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The Hood Magazine

Including Kids with Special Needs at Birthday Parties

Apr 24, 2015 01:29PM ● By Hood Magazine
By Julie Gehm, LifeScape 

First, reach out to talk to the child's parent to thank her, and ask a few questions. If you know what the activities will be ahead of time, you can help your child be prepared. For example, if the activity is bowling, let the birthday mom know that your child could use help tying his bowling shoes. You want your child to be as independent as possible, so you could send a note with his shoe size so he can order his shoes himself. If possible, plan a family-bowling outing ahead of time, preferably at the site of the party, to help your child feel more confident on the day of the party.

Other things to consider are whether there will be other children there that your child knows, and if there are any physical barriers if your child uses a wheelchair, or other mobility equipment. If your child is younger, you might volunteer to come along as a helper, staying in the background as much as possible.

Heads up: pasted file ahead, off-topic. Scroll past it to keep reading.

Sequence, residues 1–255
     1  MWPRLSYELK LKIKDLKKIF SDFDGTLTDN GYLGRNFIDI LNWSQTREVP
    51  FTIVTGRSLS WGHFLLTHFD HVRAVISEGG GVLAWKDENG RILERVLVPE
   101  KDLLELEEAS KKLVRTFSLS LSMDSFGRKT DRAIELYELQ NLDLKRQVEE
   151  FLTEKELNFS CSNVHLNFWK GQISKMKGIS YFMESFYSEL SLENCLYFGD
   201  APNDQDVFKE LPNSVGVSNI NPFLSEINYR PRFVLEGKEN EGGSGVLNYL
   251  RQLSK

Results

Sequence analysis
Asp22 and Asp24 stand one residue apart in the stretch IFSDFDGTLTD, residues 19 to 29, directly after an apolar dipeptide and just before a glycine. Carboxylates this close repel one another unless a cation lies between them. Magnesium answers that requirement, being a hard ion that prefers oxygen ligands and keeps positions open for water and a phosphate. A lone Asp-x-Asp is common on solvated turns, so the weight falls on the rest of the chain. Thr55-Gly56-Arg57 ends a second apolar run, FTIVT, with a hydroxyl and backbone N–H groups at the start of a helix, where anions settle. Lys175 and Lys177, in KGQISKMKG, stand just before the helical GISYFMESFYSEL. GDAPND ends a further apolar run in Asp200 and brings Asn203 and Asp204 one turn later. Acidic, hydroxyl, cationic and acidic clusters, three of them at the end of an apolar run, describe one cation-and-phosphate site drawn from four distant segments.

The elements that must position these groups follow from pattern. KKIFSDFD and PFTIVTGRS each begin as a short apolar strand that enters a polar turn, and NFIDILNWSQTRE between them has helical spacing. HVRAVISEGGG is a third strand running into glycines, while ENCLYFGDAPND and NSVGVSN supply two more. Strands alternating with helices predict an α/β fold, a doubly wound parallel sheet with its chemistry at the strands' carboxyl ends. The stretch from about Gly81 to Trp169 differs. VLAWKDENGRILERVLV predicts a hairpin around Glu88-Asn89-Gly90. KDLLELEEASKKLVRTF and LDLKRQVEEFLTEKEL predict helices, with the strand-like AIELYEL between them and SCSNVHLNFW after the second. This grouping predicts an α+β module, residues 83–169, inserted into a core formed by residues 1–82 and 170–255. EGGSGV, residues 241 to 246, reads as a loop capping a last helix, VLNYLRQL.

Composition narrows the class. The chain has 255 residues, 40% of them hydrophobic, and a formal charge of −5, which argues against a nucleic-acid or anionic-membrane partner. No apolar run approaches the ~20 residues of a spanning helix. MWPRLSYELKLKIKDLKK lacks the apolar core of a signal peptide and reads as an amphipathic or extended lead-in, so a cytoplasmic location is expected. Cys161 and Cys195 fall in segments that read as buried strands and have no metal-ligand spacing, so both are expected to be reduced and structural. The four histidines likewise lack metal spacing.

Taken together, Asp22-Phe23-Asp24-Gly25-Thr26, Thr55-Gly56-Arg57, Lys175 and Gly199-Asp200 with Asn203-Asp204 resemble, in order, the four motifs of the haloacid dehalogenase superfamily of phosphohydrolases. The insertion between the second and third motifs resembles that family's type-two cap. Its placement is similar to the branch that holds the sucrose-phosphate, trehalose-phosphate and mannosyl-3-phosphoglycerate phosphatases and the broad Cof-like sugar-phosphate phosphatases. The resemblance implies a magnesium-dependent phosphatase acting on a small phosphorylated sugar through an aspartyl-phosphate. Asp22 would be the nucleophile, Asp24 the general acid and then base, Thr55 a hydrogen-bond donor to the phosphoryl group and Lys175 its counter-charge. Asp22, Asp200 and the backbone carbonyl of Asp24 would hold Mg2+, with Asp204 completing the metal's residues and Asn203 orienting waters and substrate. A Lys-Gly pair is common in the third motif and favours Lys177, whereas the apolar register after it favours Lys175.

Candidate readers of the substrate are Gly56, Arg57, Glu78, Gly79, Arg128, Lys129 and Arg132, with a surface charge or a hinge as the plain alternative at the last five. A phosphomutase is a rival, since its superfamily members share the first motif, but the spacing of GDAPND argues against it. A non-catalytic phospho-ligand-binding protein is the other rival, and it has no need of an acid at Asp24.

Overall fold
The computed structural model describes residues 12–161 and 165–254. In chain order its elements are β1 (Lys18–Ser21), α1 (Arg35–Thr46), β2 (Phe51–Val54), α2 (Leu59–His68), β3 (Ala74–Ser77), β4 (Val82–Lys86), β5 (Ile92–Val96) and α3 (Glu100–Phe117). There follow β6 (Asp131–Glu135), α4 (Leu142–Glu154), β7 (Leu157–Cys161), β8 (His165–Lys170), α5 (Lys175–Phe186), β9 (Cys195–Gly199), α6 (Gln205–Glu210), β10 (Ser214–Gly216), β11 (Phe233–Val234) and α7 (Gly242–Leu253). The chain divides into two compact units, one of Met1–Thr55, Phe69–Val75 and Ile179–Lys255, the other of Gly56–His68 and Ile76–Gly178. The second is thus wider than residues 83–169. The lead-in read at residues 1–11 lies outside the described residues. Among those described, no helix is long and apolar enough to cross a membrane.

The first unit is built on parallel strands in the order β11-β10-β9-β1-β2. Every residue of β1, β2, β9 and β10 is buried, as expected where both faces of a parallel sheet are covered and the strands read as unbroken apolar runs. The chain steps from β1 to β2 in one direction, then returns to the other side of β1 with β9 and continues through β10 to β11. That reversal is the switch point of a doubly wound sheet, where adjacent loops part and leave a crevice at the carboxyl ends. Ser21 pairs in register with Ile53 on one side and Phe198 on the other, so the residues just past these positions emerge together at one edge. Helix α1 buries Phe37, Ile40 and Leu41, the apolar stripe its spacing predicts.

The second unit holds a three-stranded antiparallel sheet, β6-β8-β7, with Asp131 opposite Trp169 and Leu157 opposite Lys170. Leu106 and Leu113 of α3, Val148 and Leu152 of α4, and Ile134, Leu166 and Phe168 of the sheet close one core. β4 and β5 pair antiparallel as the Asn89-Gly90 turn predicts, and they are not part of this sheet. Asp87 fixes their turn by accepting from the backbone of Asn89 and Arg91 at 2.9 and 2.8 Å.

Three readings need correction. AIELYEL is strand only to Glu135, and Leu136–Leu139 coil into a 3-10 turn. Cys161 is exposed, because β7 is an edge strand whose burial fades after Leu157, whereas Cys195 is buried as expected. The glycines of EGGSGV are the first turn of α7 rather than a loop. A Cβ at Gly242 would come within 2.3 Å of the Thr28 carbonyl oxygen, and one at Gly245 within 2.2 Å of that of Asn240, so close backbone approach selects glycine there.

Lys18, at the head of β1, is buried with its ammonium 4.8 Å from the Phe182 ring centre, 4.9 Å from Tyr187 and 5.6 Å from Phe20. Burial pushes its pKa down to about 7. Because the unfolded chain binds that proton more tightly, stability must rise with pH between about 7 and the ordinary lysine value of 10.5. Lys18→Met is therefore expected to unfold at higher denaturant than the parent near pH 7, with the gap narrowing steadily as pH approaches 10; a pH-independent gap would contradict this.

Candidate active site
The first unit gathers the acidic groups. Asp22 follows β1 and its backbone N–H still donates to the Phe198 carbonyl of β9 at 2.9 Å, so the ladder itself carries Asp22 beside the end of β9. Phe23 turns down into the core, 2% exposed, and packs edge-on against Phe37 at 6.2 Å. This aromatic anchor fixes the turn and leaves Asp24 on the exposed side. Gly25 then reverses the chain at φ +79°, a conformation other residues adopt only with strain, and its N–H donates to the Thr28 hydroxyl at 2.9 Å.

Finally, it’s okay to decline an invitation if that seems best for your child. If your child dislikes movement or has a fear of heights, a trampoline park party might not be fun for your child at all.

On the other side of the coin--if you're inviting a child with special needs to a party, try to get to know the child ahead of time. Check with her parent on activities that she enjoys and can participate in. Ask if she has any allergies or food sensitivities. Also check to see if noise or bright lights will bother her.

Setting up a play date ahead of time can help the children get to know each other better. On the day of the party, be sure the child is being included. It is heartbreaking for the mom to pick up her child and find her sitting by herself while the other children are enjoying the party together.

One mom shared that it’s important that you are inviting her child for the right reasons: "Please don't think of this as a community service or a good lesson for your child. Invite my child because you like her, and because she is part of your child's class or church group."

As children get older and the gaps grow larger, it’s more difficult for kids with special needs to fit in at this type of social event. Creating close bonds with children at an early age can help overcome that, and create meaningful relationships to all involved.